The NSW Mineral Council’s call for facts on coal dust (Stephen Galilee Opinion Newcastle Herald 5 September 2013) has all the hallmarks of a bleating industry clinging to the mistaken belief that it can still run roughshod over community attitudes and community health like the good old days.
I think I can speak for the thousands of coal mining opponents in the Hunter in disabusing them: the social perception of coal in the Hunter has fundamentally changed, in part because of the industry’s contempt for community calls for reasonable limits on how much coal mining this Valley should be subjected to.
Mining companies, like any other industry that wishes to operate alongside your schools, homes and work places, have a duty to respond to community concerns. Failing to do so puts the economic and social future of this region at risk. The early US President John Adams did indeed say that “facts are stubborn things”, as the coal industry is finding out to their chagrin.
The NSW Minerals Council might look north and see that the Queensland coal industry and Government are looking seriously at addressing particulate emissions from coal trains. The Queensland EPA in 2010 oversaw a coal dust management plan for Queensland Rail on the basis that the Queensland coal industry, coal terminals and coal train operators were “committed to reducing coal dust from coal trains”.
The Queensland EPA website suggests that the main sources of coal dust emissions from coal trains are from:
- wind erosion of the coal surface of loaded wagons during transit
- leakage of coal particles from the doors of loaded wagons
- wind erosion of spilled coal in the rail corridor
- residual coal dust from unloaded wagons and leakage from doors; and
- coal or coal dust deposited on sills and wagon bogies.
All of which has been confirmed by the Coal Terminal Action Group’s recent coal train signature study that revealed up to 13 times the dust pollution from coal trains compared to other trains.
The NSW coal industry has been dragged kicking and screaming towards taking air quality seriously and has fought reform every step of the way, begrudgingly funding the Upper Hunter Air Quality Monitoring Network to measure its own pollution.
Contrary to what the Minerals Council might want us to believe, the available evidence confirms that air quality in Newcastle is not at all “good”.
Published annual air quality data for the Newcastle air quality monitoring station has generally recorded annual averages of PM10 concentrations above the World Health Organisation guideline of 20ug/m3, the lowest levels at which total deaths from cardiopulmonary and lung cancer have been shown to increase.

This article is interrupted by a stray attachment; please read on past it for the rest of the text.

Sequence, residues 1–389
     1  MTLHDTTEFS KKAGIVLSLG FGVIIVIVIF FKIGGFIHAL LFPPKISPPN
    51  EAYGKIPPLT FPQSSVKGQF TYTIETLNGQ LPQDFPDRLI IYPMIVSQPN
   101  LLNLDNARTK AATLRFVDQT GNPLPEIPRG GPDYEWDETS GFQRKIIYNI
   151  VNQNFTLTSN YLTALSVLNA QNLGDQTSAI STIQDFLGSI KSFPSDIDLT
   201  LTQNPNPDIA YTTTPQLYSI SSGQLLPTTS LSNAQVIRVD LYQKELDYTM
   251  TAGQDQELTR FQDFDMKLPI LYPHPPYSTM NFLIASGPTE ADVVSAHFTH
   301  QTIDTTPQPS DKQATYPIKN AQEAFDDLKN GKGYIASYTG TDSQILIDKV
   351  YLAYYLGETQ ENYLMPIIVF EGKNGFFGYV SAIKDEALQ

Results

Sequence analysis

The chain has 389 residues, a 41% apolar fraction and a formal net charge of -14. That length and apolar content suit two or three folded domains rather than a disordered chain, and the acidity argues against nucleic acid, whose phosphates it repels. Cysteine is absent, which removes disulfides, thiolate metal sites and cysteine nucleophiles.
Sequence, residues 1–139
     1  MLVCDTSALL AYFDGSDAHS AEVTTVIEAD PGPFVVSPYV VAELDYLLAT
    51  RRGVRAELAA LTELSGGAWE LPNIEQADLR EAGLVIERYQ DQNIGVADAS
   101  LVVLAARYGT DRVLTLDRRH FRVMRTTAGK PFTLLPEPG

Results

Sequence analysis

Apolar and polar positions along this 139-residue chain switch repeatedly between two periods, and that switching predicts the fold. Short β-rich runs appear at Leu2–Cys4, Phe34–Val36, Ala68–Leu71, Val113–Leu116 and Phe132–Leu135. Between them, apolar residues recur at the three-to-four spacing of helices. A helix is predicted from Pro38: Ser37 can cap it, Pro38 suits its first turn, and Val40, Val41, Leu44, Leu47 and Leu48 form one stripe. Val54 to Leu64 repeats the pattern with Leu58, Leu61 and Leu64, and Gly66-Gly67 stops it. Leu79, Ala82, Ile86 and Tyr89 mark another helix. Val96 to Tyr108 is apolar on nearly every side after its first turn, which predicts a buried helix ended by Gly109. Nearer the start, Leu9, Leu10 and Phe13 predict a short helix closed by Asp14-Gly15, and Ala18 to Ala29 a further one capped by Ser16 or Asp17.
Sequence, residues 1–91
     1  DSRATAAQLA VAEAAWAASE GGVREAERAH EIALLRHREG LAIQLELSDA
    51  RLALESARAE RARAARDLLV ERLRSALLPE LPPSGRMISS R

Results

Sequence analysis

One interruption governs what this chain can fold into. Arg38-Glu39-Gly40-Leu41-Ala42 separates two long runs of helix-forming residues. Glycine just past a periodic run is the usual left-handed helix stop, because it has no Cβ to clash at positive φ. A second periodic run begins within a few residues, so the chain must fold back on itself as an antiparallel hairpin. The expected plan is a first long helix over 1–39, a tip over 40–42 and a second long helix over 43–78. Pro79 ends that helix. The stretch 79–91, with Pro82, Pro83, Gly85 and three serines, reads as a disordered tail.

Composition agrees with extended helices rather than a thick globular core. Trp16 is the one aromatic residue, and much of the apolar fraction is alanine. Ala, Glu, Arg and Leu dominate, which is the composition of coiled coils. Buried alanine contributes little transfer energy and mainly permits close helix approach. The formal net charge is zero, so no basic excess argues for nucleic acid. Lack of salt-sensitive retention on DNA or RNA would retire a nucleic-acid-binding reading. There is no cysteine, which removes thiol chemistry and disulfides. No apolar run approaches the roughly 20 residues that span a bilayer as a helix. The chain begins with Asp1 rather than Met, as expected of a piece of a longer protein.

The available evidence suggests that coal dust is a small proportion (<14%) of PM2.5 levels in Newcastle, but Stephen Galilee fails to mention that coal dust is primarily found in PM10 which is produced by mechanical processes, whereas PM2.5 originates primarily from combustion sources. Coal dust is likely to be a far greater contribution to the PM10 load than the PM2.5. It is therefore important to note that the NSW EPA is planning on undertaking a Lower Hunter particle characterisations study of only PM2.5, of which we can be certain a small proportion will be coal dust. This will hardly address the issue and will further undermine the EPA’s credibility.
PM10, however, is a different story. In 2011/12, Port Waratah Coal Services reported to the National Pollution Inventory emissions of 487 tonnes of PM10 into the air from its Kooragang terminal alone, amounting to 45% of all reported PM10 air pollution in the Newcastle LGA.
The NSW Minerals Council continues in its hectic refutation of evidence that coal wagon covers would greatly reduce dust. And yet, as early as 2005, a report for Queensland Rail by Connel Hatch revealed that covered coal wagons were 99% effective in reducing fugitive coal dust.
What the NSW coal industry wants is an easy regulatory ride, less red tape and simpler assessments and approvals. They moan that anything less would be unfair to the Hunter miners who would risk losing their jobs due to the rise in costs: in other words, they’re threatening to lay people off because of the prospect of an estimated $50 million cost being imposed on a $12 billion industry.
What is almost certainly going to happen is that the coal industry will once again be dragged kicking and screaming towards implementing a cheap simplistic solution such as spraying a chemical on the top of coal wagons. If this would fix the problem, we wouldn’t be having this debate. Sadly, it will continue and all the while our community’s health suffers for coal company profits.